The astounding increase in popularity of online learning platforms over the last few years has left no one indifferent. Questions began to be raised in relation to the efficiency of these new methods of information spread in comparison to orthodox pedagogical methods and traditional schooling. However, this subject has now been thrusted into the limelight as millions of students worldwide are force to leave the classrooms and take the leap into previously unknown methods of continuing their schooling remotely. As students and teachers adapt to this new learning environment, it is inevitable for the thought to arise: will online learning ever replace educational institutions as we know them?
Even the most adamant opponents are unable to refute the multiple advantages provided by online courses. The flexibility in pace and schedule can be easily recognised as perhaps the most notable advantage of this practice. With students being able to pause, rewind or rewatch pre-recorded lessons at their own leisure, this facet of the online learning experience can allow a deeper and more meaningful interaction with the course content as the listener can take as long as they need to fully understand the topic. In this sense, online learning takes advantage of one of a widespread piece of common knowledge: no-one knows you better than yourself. The bespoke aspect of online learning allows each individual to focus on their specific weaknesses which could be overlooked in physical classrooms.
Moreover, a study undertaken by MIT in 2014 found that in online classes, “the amount learned is somewhat greater than in the traditional lecture-based course”, despite the distractions that may surround the individual in the home. The opportunity to use interactions with tutors as mainly focused on questions has been reputed to be responsible for these results, however, several other studies have suggested that the best performance is obtained when mixing traditional and online classes.
However, despite having a great deal of advantages, there are some unavoidable hurdles that students face when enrolling in an online learning course. Constant temptations in the home and the knowledge of being unsupervised can make even the most motivated and responsible students deviate their attention from the class to check social media, take yet another unnecessary trip to the kitchen or simply stare out the window while the class continues. This behaviour was seen to increase steadily as the course progressed, the psychological response in students was altered after realising these behaviours went unchecked due to the absence of an authority figure and students reported to feel “a slight thrill” when engaging in other behaviour during online lessons. With this, we can infer that independent learning requires an extra level of self-discipline and motivation, despite “all students displaying the same level of improvement”, leaving the task of learning to students may only be advisable to the most dedicated of participants in the course as those already prone to distractions may see their learning environment at home akin to a field of land-mines replete with enticing things to lure them away from their screens.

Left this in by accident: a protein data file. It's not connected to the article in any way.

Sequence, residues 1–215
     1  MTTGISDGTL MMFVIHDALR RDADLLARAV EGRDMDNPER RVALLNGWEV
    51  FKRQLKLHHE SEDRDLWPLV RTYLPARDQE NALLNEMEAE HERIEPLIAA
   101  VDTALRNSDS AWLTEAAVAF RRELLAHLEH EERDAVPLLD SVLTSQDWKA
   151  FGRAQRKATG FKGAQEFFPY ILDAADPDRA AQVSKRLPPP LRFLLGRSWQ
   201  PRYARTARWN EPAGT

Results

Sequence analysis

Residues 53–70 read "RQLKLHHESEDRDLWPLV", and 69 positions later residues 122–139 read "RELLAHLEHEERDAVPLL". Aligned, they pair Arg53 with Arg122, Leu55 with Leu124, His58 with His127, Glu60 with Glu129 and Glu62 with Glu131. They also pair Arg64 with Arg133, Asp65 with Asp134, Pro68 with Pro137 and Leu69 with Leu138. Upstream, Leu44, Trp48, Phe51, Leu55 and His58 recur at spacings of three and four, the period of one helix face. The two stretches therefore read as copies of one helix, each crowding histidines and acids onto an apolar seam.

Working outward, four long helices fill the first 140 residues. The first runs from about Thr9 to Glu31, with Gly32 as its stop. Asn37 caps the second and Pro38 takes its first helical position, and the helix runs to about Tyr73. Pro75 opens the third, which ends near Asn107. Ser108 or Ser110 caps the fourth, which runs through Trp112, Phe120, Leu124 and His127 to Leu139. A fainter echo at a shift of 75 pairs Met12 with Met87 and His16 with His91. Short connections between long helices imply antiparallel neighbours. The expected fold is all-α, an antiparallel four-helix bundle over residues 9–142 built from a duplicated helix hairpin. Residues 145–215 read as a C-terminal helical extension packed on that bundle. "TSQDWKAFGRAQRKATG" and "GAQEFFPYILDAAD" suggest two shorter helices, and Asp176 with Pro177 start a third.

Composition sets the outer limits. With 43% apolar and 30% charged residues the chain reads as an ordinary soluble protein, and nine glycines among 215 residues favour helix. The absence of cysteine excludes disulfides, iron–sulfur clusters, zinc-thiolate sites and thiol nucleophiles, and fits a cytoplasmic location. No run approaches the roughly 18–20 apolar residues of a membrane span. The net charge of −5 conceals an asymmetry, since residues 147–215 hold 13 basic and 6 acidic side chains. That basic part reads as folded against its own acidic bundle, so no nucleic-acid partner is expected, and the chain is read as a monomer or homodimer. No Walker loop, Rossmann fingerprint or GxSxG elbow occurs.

The importance of social interaction and the experience of attending a physical school is probably the greatest disadvantage of online courses. While the content covered in the curriculum may be the same and subjects may perform at the same level in assessments, it is impossible to replace the atmosphere of a classroom in a Zoom. However hard we may try, interacting with other students and the teacher to the same level is impossible. Small aspects of quotidian life at school cannot be emulated through a screen, jokes with the other members of the class, off-topic discussions or even contributions which lead to the enrichment of the learning experience are highly unlikely to occur when you have to spend 20 seconds trying to remember how to unmute your microphone or your internet connection is so slow that the humorous comment that would have been perfect a moment ago arrives too late, leaving everyone in an uncomfortable silence.
In conclusion, online learning is the only possible solution to allow students to continue their schooling in an unprecedented situation, however, it is highly unlikely that Google Classroom will ever fully replace the traditional brick and mortar building of a school. The process of remote teaching and learning can be (and will be) refined and perfected in order to yield maximum results and optimal retention of information from the students. Although future students will probably not have to scramble to edit PDFs on their computers or talk for an extended period of time before realising their microphone is off, technological improvements cannot replace the value of human interaction to establish meaningful relationships and a sense of identity.
Angelica O, Year 12